• The euro has not yet become a reserve currency: Reserve currency status could enhance the credibility of the euro currency,[58] so improving its desirability. However, as noted in paragraph 6, additional demand for the euro as a reserve currency beyond that of its legacy currencies has not occurred to any significant extent. Professor Buiter has downplayed the significance of this factor[59]
  • Reduced risk diversification leading to less investment in euro assets: The replacement of eleven currencies with one reduced investors' diversification possibilities offered by the different risk characteristics of the countries' individual monetary policies. Mr Bootle believed that this had made the euro less attractive to investors than its legacy currencies[60]
  • Increase in the perceived risk of holding the euro: Mr Mervyn King has argued this may have been the result of uncertainty about the new currency and the institutions that would manage it, "leading to a fall in the [external] value of the euro against all currencies, including sterling".[61] However, Professor Portes, of the London Business School, believed this factor alone could not have been responsible[62]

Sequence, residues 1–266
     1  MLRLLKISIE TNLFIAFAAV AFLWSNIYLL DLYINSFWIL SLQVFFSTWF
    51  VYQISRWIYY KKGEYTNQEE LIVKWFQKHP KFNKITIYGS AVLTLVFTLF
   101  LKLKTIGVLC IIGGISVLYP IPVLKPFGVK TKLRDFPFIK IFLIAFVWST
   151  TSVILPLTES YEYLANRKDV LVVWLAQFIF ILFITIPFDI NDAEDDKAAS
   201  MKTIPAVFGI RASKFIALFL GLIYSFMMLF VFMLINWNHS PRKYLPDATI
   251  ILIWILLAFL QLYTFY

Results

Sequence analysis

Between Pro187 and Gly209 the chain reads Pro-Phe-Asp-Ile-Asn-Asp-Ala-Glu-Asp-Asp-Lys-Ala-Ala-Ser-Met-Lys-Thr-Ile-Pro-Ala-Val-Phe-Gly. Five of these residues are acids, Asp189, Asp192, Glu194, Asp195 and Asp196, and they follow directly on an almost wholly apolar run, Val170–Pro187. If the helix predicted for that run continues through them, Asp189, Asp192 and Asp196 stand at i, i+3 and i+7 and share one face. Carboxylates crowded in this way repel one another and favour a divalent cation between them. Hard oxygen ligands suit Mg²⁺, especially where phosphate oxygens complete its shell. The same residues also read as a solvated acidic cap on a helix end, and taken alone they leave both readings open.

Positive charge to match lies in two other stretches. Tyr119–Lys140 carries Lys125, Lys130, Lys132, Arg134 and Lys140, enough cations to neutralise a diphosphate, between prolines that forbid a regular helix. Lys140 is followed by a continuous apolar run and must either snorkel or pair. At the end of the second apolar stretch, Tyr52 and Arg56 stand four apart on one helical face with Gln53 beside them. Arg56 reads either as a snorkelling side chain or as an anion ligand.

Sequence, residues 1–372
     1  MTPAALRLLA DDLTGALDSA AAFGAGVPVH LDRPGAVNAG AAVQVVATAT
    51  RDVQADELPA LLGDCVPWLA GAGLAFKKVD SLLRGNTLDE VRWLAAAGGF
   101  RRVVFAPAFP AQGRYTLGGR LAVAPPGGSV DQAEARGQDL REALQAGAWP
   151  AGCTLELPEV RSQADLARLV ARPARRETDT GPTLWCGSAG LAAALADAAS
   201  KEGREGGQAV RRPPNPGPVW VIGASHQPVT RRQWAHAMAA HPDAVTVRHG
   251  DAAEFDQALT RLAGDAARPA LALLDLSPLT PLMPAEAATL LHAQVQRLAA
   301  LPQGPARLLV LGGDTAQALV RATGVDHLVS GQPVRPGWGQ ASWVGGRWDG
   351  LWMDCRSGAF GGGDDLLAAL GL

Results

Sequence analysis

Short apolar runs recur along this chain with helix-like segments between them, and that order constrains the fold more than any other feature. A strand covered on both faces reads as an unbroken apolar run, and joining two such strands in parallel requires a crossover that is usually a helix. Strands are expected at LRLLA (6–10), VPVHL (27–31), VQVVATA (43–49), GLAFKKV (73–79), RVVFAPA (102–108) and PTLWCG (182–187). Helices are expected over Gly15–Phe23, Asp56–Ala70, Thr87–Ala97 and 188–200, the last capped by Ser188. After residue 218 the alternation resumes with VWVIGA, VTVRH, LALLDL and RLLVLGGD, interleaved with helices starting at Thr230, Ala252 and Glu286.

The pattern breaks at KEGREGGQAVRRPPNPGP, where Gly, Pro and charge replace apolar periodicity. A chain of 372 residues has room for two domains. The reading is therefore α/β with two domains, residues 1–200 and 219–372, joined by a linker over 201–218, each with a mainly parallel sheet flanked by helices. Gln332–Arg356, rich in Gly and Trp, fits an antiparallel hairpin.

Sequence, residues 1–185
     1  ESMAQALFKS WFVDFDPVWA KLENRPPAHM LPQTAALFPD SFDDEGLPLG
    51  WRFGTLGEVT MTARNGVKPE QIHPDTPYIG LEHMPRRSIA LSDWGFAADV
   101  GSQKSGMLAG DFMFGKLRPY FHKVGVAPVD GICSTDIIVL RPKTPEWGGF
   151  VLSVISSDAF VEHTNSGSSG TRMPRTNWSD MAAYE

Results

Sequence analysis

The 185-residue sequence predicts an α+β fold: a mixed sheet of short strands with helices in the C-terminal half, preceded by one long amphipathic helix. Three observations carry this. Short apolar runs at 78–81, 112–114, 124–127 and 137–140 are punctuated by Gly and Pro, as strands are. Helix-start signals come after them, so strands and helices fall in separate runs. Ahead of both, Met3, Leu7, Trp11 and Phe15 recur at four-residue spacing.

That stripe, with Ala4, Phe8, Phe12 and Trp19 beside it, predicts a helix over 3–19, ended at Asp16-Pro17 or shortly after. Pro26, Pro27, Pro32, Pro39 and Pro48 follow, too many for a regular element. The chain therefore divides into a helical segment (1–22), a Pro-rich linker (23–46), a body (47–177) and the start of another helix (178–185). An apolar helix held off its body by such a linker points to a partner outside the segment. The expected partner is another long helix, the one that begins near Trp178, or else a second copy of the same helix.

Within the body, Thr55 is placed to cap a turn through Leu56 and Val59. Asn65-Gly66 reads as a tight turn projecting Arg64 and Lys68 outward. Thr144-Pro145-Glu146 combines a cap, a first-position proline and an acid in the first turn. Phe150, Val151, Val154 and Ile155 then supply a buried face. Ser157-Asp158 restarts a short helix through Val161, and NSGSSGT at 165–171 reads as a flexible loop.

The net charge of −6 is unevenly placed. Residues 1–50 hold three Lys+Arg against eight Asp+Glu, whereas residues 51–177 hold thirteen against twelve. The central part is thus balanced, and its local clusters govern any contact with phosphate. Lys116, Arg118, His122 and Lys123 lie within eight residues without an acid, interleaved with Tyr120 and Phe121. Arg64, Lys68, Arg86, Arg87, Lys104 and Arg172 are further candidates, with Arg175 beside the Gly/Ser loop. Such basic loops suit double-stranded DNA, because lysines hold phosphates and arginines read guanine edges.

• Poor communication: Garbled and conflicting views on the euro may have failed to provide a clear indication of the views of policy makers about the currency, and may also have raised fears of conflicting aims amongst policy makers. Professor Begg and Mr Ardy explained that "discordant voices from Frankfurt and elsewhere ... have sown uncertainty ... [which] reinforced worries about a new and untried currency".[63]